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Algeria

 Mourad Medelci,

Previous Sessions

  • 69th Session
    H.E. Mr. Ramtane Lamamra
    Minister of Foreign Affairs
  • 68th Session
    H.E. Mr. Ramtane Lamamra
    Minister of Foreign Affairs
  • 67th Session
    Mourad Medelci

26 September 2011 (66th Session)

Statement:
Statement Summary: 

MOURAD MEDELCI, Minister for Foreign Affairs of Algeria, said the General Assembly’s theme of mediation appeared at a time of growing tensions, economic crisis and shrinking multilateralism. The international system founded in 1945 today needed to adapt to new realities. The inability, as individuals or collectively, to manage the current challenges underlined the urgent need to make structural changes.

He said that certain current situations had led to the loss of human life, and Algeria deplored the violence, calling for interventions to ensure justice, democracy and the sovereignty of each country. Algeria hoped the situation in Libya had stabilized. His country wanted to work with the new National Transitional Council. The tumultuous situation with Palestine was another source of deep concern. The blocking of the peace process in the Middle East and the continued building of settlements had made lasting peace more distant every day. That risk-laden situation was an affront to the peoples of the region. The human embargo on Gaza and its borders was a collective punishment. Palestine’s application for statehood was an opportunity to impose international law. He was concerned, however, over the use of economic measures, including sanctions, such as the embargo on Cuba. Turning to Western Sahara, he said no efforts should be spared for dialogue and communication to assist the Saharan people to achieve their right to self-determination.

Concerning terrorism, he said this year’s tenth anniversary of the terrorist attacks on the United States should be a reminder for the international community to bolster its efforts to tackle that scourge. Algeria stressed the need to speed up the adoption of a convention to combat terrorism. Overall, multilateralism was the way forward to strengthen cooperation. Current challenges included, first, the inability of the United Nations and the Security Council to manage conflicts. Second, the recent economic and financial crisis, which had had devastating effects, especially in developing countries, laying bare a system riddled with large private groups aimed at growth and development at the exclusion of the countries of the South. And third, the dramatic impact of climate change, which was a major challenge for the future of the world.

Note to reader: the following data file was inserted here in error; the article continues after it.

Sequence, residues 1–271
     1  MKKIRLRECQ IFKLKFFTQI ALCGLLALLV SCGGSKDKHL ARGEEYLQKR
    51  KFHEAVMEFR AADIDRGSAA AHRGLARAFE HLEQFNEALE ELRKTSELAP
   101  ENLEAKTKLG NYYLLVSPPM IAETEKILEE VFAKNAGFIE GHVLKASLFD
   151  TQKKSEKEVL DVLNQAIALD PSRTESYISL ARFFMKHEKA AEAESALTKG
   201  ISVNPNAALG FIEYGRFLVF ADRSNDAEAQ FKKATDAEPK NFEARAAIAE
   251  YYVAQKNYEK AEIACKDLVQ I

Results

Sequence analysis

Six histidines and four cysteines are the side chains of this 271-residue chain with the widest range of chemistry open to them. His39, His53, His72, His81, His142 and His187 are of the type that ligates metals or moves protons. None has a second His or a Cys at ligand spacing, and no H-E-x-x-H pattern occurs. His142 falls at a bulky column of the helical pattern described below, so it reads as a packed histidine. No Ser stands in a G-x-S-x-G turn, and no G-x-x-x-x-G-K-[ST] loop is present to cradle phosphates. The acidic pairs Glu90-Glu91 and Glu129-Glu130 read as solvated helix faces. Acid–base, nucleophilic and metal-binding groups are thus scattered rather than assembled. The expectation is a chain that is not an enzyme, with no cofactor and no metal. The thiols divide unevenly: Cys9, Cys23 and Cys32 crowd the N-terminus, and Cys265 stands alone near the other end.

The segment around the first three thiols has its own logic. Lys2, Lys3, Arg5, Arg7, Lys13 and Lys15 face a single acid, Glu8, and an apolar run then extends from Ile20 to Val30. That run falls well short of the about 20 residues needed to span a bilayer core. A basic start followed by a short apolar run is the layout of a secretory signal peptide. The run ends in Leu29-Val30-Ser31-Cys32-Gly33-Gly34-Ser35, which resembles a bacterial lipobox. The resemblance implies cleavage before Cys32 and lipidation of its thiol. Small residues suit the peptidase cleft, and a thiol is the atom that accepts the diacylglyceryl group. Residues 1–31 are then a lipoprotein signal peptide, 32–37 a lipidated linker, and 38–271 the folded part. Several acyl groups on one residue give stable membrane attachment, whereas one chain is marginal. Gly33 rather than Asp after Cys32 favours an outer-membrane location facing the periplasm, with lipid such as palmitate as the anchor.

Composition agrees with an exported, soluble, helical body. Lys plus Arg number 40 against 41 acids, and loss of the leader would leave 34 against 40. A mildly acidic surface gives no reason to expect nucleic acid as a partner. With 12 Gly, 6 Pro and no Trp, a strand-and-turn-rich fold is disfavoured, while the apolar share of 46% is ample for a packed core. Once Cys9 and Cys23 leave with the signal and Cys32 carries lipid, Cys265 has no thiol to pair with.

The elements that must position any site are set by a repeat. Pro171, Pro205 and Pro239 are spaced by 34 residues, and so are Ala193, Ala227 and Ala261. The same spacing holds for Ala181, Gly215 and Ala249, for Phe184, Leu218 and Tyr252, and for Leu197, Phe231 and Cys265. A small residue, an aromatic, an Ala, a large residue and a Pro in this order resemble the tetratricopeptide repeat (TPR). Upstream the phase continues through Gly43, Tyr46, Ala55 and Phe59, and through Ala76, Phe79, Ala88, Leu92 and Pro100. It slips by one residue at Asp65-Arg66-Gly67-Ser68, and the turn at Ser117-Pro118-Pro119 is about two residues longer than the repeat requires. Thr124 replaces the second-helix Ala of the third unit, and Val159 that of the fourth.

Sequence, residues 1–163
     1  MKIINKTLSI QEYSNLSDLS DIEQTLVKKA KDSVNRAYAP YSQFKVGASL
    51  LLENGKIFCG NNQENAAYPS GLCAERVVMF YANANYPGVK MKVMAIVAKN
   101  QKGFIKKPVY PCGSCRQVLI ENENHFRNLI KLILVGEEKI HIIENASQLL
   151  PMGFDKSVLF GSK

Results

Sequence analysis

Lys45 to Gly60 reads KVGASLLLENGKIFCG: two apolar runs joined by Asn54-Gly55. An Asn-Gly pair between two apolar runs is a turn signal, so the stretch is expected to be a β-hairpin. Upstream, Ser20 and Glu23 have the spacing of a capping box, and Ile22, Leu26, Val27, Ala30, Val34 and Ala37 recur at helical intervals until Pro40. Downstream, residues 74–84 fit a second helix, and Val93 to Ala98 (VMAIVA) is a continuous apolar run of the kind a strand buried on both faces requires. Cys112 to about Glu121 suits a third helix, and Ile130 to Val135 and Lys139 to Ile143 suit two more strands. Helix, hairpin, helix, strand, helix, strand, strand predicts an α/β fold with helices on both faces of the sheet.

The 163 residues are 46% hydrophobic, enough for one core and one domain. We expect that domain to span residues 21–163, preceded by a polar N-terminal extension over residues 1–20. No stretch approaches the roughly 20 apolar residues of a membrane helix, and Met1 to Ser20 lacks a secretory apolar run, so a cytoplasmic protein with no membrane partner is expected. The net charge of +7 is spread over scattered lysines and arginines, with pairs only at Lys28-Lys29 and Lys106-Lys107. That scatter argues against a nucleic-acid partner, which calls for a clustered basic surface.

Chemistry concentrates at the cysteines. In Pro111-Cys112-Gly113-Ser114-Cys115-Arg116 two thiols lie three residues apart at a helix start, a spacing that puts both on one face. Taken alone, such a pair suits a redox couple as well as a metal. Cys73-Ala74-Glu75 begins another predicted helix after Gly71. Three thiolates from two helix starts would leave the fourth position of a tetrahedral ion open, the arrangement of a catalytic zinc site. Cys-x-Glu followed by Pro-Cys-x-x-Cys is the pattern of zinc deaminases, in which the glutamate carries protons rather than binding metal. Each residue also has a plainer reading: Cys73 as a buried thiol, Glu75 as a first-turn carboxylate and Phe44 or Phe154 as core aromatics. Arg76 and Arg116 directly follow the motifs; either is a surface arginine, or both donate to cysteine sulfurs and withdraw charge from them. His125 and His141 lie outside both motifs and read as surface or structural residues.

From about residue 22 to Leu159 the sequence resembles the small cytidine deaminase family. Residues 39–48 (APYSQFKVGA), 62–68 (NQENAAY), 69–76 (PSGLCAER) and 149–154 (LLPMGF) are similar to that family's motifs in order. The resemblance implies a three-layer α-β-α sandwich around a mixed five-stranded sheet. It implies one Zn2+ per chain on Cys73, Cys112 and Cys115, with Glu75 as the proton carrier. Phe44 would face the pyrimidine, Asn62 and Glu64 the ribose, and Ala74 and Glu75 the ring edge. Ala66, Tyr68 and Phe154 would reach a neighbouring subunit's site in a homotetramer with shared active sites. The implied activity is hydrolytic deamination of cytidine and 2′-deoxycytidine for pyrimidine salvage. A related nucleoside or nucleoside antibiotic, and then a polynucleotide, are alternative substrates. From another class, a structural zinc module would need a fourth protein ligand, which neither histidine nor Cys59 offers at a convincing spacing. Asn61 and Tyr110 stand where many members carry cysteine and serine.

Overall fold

The United Nations should undergo reform to achieve collective security and to succeed in the upcoming events on the United Nations agenda, including to manage the problems posed by climate change. Algeria supported a multilateral approach to those challenges because it had seen the effectiveness of that approach, including recent African Union initiatives. Algeria, for its part, had undertaken major political, economic and social reforms. At the political and institutional levels, the country had, among other actions, provided greater freedom for the audio-visual media and made an amendment to electoral law. At the economic level, efforts had been made to ease operating businesses, and measures had been taken to make it easier for youth to enter the job market. Those actions had been launched amid a democratic process that reinforced the rule of law.